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Regular version of the site

Book chapter

Poster Presentations, THE EFFECT OF THE ANTISACCADE TASK ON MICROSACCADE SUPRESSION IN THE POSNER CUEING PARADIGM

P. 1866-1866.
Krasovskaya S., Кристьянссон А., MacInnes W.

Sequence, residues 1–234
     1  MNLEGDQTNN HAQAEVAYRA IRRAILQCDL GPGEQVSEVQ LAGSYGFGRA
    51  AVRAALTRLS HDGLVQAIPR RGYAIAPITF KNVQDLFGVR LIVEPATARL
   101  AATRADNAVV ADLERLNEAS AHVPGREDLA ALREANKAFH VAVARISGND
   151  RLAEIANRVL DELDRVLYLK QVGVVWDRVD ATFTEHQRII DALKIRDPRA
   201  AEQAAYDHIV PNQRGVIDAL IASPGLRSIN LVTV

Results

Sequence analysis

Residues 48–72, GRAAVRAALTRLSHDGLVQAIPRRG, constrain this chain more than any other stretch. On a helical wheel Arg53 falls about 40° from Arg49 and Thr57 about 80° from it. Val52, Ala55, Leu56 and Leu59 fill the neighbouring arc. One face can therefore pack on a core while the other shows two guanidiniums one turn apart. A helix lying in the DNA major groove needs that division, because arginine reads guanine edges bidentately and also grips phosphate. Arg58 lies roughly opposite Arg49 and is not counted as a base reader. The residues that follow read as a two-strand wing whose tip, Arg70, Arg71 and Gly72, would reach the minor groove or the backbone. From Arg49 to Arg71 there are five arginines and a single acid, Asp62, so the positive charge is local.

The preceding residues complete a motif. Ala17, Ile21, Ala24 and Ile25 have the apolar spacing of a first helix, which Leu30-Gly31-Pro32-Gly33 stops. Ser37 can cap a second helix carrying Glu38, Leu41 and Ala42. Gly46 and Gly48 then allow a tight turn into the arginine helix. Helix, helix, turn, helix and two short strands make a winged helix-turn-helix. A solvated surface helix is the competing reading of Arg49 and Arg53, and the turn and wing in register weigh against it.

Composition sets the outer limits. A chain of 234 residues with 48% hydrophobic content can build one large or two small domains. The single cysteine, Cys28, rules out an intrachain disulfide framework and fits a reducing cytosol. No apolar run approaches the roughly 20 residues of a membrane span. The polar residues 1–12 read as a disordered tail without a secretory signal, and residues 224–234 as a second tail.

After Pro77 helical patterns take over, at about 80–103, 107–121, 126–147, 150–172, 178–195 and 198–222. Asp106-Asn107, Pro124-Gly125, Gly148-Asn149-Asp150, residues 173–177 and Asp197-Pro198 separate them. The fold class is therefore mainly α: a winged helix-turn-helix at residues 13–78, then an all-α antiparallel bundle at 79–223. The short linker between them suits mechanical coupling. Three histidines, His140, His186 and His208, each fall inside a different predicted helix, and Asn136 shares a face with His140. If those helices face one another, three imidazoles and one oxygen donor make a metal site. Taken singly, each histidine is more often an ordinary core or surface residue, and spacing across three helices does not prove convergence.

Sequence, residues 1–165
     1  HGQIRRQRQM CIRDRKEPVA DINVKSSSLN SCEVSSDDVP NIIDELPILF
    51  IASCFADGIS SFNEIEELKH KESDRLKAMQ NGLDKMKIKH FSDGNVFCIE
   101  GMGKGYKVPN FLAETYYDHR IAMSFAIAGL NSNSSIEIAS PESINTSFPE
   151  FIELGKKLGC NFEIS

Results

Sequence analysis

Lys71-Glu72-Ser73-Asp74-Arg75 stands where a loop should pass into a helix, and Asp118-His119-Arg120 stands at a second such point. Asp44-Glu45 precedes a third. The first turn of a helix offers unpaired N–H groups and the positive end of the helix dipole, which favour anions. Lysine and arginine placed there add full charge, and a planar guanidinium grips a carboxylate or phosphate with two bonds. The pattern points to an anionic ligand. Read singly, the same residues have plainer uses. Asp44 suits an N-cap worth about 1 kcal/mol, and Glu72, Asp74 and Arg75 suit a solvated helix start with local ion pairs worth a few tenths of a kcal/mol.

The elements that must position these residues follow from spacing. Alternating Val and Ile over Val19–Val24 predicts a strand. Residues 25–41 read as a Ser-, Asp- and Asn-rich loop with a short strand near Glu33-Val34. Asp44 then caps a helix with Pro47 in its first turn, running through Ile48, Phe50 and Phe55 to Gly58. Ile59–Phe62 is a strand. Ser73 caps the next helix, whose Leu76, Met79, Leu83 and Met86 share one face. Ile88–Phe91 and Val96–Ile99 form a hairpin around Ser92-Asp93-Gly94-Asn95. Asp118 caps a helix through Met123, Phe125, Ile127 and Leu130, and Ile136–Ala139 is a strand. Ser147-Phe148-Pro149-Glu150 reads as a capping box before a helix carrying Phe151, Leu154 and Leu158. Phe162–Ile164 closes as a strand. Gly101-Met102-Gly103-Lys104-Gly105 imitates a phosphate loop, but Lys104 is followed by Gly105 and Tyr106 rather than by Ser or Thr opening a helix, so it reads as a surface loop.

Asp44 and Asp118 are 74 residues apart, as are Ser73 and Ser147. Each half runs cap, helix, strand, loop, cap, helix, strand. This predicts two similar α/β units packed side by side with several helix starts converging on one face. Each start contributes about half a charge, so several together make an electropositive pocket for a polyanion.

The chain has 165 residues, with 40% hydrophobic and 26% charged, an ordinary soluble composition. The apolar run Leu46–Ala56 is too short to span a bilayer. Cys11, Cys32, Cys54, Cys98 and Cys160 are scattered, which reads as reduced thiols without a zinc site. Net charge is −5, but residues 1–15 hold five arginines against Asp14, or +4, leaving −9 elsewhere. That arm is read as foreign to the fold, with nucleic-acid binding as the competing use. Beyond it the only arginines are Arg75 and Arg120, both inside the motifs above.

Microsaccadic eye movements belong to the category of micromovements, such as tremor and drift, though their functional purpose is still debated. Spatial cueing paradigms typically require fixational control, but this does not eliminate all oculomotor activity associated with the preparation of saccades in the cued direction. During the antisaccade task, planning and execution are separate processes and we therefore hypothesise that we may notice reduced microsaccade behaviour during the execution of antisaccade tasks as compared to saccade trials. The study is based on an eyetracking experiment involving 22 participants asked to perform saccades and antisaccades in blocked or mixed sets of trials. Each participant contributed to three main blocks: 50 trials in the fixed saccade block, 50 trials in the fixed antisaccade block, and 200 trials in the mixed saccade — antisaccade condition. In the saccade trials, a green fixation cross is displayed at the centre of the screen, whereas during the antisaccade trials the fixation cross is red, allowing participants to prepare the appropriate response (but not direction) prior to the target. The results of the study imply a strong latency cost of antisaccades as compared to prosaccades and an additional cost of mixed blocks, though these two effects did not interact. Crucially, in the blocked antisaccade trials, we predict that a supressed oculomotor system would lead to a lower occurrence of microsaccades initiated by the participants, in particular the trials where observers did not make erroneous prosaccades. We believe this may be due to participants having enough time to prepare the top-down control of the oculomotor system, which leads to a predictable pattern for each participant, where they either suppress microsaccadic movements completely or do not throughout the entire block. We also predict that in the mixed block participants have less time to prepare the top-down microsaccade suppression and we will test this by comparing data between the saccade, the antisaccade and mixed blocks